The right drug for the right bug
Most of us take functioning antibiotics for granted; it is hard to imagine a world where death by pneumonia, routine surgery, or birth complications is commonplace. Yet that might very well be the reality in the not-too-distant future if the resistance crisis is not acknowledged and mitigated. Globally, we are using more and more antibiotics and while generally effective to cure bacterial diseases, the increased use of these drugs creates a perfect breeding ground for resistance mutation. In other words, the bacteria are evolving to cope with the antibiotics, slowly rendering them ineffective. Using antibiotics in moderation is one of the prescribed cures.
We have previously developed a test to measure antibiotic resistance in urinary tract infections. The test tells you know if the patient’s problem is caused by bacteria and what particular antibiotic would take them out. But for complex conditions with unknown species, like sepsis , our only option right now is to hit blindly, using precious last-resort drugs.
To make a resistance test for complex infections, the identity of the culpable bacteria must be known, which takes around 24 hours with current protocols. But many sepsis patients do not have that kind of time. For every hour the patient is left untreated, the risk of a fatal outcome increases dramatically.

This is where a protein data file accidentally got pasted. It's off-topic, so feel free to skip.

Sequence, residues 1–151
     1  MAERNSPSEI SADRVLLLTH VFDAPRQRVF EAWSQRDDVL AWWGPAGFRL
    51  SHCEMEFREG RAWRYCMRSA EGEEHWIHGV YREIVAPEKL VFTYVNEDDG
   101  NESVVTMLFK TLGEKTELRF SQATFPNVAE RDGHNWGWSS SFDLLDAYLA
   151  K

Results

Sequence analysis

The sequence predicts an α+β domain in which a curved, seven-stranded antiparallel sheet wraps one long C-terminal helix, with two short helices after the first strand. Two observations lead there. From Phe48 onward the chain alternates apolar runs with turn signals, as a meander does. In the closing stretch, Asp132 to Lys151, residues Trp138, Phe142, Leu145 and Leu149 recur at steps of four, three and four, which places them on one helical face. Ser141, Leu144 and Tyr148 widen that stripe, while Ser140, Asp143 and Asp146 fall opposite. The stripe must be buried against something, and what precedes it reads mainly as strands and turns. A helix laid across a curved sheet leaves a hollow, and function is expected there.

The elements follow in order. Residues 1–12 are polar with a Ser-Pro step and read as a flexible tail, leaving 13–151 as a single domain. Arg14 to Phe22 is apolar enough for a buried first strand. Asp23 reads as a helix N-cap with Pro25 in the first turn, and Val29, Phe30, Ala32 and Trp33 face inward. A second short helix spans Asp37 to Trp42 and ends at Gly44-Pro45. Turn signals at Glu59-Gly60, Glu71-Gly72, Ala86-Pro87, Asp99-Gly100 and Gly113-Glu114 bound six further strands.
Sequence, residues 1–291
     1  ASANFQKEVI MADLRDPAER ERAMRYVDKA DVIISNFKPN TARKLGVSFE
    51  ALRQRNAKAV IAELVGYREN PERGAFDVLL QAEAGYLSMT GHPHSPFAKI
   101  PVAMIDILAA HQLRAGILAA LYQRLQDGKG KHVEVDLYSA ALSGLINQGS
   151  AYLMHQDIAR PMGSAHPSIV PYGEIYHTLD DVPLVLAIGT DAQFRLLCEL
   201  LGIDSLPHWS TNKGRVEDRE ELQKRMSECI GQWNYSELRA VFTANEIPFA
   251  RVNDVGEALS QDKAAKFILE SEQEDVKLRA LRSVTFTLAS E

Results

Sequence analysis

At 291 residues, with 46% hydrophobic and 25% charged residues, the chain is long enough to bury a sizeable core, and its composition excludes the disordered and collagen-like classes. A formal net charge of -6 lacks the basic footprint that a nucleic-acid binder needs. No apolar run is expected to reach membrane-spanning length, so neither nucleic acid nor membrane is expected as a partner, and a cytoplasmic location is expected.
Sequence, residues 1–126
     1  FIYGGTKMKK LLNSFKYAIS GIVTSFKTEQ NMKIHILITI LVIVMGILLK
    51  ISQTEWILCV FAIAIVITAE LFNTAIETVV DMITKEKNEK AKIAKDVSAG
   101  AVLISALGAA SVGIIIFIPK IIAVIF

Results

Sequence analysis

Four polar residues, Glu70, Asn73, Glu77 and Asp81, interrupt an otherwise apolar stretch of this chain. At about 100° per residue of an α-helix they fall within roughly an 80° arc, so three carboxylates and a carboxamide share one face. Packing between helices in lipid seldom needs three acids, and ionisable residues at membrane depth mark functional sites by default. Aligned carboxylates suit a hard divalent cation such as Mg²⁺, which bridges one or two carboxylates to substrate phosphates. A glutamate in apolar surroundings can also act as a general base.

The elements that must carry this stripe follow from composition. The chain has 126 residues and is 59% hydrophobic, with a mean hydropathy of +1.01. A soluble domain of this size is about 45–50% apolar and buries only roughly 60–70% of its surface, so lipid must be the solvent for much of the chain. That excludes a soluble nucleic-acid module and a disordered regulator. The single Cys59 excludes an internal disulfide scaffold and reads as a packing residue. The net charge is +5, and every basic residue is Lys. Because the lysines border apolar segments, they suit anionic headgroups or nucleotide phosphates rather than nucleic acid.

We have now developed our protocol to include the sought-after bacterial identification step. We load the sample into a microfluidic culture chip that works a bit like a microscopic sieve, capturing the bacteria in thousands of tiny culture channels. In the chip, the cells are exposed to different antibiotics, and we monitor their growth in real-time by an image analysis algorithm that compares with untreated cells and calculates if the drugs are effective or not. If the bacteria keeps growing in the presence of a certain antibiotic, chances are high that they are resistant to that particular drug.
After the growth-rate measurements have been made, we flood the chip with colored molecular probes targeting most of the common bacterial pathogens. Since the algorithm knows what color combination corresponds to which bacteria, and keeps track of the growth rate in each channel, it can match resistance and bacterial species and suggest the best course of treatment.
Read more about the method in Nature Communications